Donald Davidson

 

[Here’s an unpublished dictionary entry on Donald Davidson (from 2004). A modified version is to be found in the 2005 Edinburgh Dictionary of Continental Philosophy (John Protevi ed.)]

Donald Davidson (b. 1917, d. 2003), American philosopher whose essays on language, mind and knowledge extend Quine’s attack on the reification of meaning and epistemological foundationalism. In ‘Mental Events’ (1970) he also propounded an influential form of non-reductive materialism. Drawing, here, on his theory of linguistic interpretation, he argues that beliefs, desires and actions are only ascribable on the assumption that they are interrelated in a largely reasonable and consistent manner. Since psychology, unlike physics, is governed by norms of rationality, strict psychophysical laws relating physical states and contentful mental states are impossible. This is compatible with each mental state being a ‘token’ of a physical type: hence Davidson’s characterisation of his position as ‘anomalous monism’. ‘Actions, Reasons and Causes’ (1963) argues on similar grounds that while rendering action intelligible from an agent’s point of view, explanatory reasons must also be causally responsible for behaviour.

Davidson’s philosophy of language addresses philosophical constraints on theories of linguistic understanding. ‘Truth and Meaning’ (1967) argues that knowledge of the truth conditions of assertions suffices for understanding them and that Tarski’s account of truth in formalised languages shows how a semantic theory could eschew generalised conceptions of meaning or linguistic representation. Subsequent essays develop a metatheory of radical interpretation, specifying how interpreters could test whether a truth theory is interpretative for an uninterpreted language. The criterion of empirical success here is that a theory correctly predicts circumstances of utterance for arbitrary sentences of a language. This implies semantic holism: that the meaning of a term reflects its place in the totality of linguistic behaviour. Such behaviour counts as evidence only if, applying the ‘principle of charity’, speakers are assumed to have largely true beliefs. ‘The Structure and Content of Truth’ (1990) argues that interpretation presupposes a grasp of truth irreducible to theoretical notions like correspondence or coherence. ‘A Nice Derangement of Epitaphs’ (1986) employs literary cases of unconventional speech such as Sheridan’s Mrs Malaprop to argue that the notion of a common language has little explanatory role in semantics – a line of reasoning comparable to Derrida’s use of the notion of iterability to deconstruct philosophical appeals to convention or shared practice.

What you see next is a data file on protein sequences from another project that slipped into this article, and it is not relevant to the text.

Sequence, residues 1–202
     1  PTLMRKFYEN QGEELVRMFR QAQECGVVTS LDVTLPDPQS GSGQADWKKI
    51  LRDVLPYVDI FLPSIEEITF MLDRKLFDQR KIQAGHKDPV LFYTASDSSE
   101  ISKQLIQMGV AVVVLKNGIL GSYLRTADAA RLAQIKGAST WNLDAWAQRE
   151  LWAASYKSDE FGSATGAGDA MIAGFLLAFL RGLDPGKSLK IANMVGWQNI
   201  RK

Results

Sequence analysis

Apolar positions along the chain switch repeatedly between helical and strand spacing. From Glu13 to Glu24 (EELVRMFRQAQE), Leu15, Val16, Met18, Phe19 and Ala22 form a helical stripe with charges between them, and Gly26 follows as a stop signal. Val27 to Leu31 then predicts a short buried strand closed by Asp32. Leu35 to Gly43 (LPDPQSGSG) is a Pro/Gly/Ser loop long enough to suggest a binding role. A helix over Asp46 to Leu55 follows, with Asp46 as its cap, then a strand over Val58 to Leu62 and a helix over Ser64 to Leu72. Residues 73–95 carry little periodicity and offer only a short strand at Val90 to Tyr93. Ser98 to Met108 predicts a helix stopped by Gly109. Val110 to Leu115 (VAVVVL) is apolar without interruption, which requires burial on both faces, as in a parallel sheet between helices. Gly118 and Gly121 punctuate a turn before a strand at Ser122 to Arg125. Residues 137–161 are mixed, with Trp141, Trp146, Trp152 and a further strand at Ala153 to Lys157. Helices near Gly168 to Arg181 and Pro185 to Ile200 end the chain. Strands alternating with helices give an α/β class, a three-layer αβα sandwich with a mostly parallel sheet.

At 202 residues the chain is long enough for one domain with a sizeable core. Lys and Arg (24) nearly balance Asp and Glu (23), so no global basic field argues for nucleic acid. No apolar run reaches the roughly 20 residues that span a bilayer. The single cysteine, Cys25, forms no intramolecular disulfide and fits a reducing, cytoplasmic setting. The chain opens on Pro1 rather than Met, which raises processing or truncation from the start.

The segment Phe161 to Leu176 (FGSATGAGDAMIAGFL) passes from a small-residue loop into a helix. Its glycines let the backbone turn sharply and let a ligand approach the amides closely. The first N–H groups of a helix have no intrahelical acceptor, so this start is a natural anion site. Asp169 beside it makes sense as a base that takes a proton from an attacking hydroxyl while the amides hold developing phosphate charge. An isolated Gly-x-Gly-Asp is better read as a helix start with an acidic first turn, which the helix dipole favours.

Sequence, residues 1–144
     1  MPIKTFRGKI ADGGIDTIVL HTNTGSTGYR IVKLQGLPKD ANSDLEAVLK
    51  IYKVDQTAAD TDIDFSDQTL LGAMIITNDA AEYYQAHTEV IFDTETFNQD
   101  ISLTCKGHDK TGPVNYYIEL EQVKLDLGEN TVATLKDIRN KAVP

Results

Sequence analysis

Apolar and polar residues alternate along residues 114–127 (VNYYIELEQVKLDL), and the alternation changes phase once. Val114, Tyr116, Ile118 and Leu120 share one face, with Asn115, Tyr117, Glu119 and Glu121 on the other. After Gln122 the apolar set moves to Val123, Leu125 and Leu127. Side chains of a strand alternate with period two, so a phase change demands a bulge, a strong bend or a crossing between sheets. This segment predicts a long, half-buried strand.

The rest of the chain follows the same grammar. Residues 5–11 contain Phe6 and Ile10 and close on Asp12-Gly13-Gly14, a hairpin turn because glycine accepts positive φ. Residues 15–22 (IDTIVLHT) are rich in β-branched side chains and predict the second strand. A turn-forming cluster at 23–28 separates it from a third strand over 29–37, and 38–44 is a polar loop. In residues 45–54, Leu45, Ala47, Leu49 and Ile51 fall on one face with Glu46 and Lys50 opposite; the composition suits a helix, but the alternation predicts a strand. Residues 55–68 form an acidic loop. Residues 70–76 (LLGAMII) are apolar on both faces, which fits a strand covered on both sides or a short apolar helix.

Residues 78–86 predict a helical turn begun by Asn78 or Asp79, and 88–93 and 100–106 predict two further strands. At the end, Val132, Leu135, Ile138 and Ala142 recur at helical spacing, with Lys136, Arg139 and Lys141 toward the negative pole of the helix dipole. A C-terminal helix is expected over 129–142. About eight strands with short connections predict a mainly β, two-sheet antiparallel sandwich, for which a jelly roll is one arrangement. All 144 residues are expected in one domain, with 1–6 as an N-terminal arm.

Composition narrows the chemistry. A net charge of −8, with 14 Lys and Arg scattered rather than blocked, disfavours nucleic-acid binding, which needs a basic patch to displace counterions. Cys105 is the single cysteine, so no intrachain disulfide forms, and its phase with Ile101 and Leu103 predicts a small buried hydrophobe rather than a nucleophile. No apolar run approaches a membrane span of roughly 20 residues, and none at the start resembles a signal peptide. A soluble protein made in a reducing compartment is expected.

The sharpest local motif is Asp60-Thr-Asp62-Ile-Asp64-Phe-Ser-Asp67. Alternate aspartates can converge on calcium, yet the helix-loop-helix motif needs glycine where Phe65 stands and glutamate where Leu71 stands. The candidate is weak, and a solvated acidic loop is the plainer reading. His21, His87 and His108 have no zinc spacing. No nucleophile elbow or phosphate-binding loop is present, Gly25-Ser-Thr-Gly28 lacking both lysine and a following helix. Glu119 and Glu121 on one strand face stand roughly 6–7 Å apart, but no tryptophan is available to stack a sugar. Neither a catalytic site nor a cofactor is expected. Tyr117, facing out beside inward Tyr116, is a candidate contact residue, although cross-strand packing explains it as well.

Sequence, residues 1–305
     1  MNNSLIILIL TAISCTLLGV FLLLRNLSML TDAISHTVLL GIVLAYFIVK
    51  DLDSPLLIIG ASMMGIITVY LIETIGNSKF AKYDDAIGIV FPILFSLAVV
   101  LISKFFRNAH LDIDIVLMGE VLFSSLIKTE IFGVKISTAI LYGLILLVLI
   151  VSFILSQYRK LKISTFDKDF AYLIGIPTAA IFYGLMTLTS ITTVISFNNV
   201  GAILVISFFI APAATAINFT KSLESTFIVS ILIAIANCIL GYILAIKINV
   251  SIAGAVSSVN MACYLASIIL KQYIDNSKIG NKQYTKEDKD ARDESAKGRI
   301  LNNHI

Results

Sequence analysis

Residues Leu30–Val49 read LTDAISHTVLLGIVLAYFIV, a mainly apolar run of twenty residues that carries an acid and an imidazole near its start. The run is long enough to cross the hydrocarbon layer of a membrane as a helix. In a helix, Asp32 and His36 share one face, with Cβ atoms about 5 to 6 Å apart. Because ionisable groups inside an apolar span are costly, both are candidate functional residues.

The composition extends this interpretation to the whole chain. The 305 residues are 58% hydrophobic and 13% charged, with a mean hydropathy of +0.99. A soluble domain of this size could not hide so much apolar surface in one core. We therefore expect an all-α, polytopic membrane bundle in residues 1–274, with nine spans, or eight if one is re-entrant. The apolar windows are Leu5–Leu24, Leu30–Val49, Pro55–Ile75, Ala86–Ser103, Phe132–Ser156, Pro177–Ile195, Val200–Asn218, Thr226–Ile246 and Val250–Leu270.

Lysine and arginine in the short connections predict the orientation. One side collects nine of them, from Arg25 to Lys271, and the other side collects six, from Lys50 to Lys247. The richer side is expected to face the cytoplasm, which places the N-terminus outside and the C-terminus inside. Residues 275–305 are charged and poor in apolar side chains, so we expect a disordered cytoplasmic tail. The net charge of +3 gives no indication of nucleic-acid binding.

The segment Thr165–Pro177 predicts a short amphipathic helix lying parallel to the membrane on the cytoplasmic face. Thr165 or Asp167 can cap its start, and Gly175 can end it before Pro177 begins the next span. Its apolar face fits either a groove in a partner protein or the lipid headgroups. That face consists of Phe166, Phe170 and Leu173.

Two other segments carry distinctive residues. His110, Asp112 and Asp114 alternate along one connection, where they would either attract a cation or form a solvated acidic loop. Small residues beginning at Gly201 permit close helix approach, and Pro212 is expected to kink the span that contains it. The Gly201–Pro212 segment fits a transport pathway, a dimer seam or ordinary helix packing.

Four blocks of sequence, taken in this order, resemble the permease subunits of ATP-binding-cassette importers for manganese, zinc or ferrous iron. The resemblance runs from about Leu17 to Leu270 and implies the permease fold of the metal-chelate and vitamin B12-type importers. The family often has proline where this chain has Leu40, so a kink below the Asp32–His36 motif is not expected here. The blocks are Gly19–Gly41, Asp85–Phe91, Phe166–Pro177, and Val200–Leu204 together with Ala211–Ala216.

Like Quine, Davidson holds that interpretations are underdetermined by considerations of charity. There are, in consequence, no ‘deeper’ facts that could allow an interpreter to decide between competing interpretative theories explaining the same speech behaviour. Charity and the resultant ‘semantic indeterminacy’ have broader epistemological import. ‘In ‘On the Very Idea of a Conceptual Scheme’ (1974) they are deployed against empiricist and transcendentalist pictures of mind ‘forming’ the world from unconceptualised ‘content’ which he takes to underlie relativism and strong incommensurability claims. Strong Kantian parallels can be found, however, in ‘Thought and Talk’ (1975) and ‘Rational Animals’ (1982) where it is argued that only creatures possessing a concept of belief can have beliefs and that an understanding of objectivity emerges in the intersubjective context of linguistic interpretation. ‘The Myth of the Subjective’ (1987) argues that the mental content is only fixed under charitable interpretations of an agent’s activity within a common world, thereby undermining Cartesian-style appeals to intrinsically contentful ‘Ideas’ as a basis for philosophical reflection.

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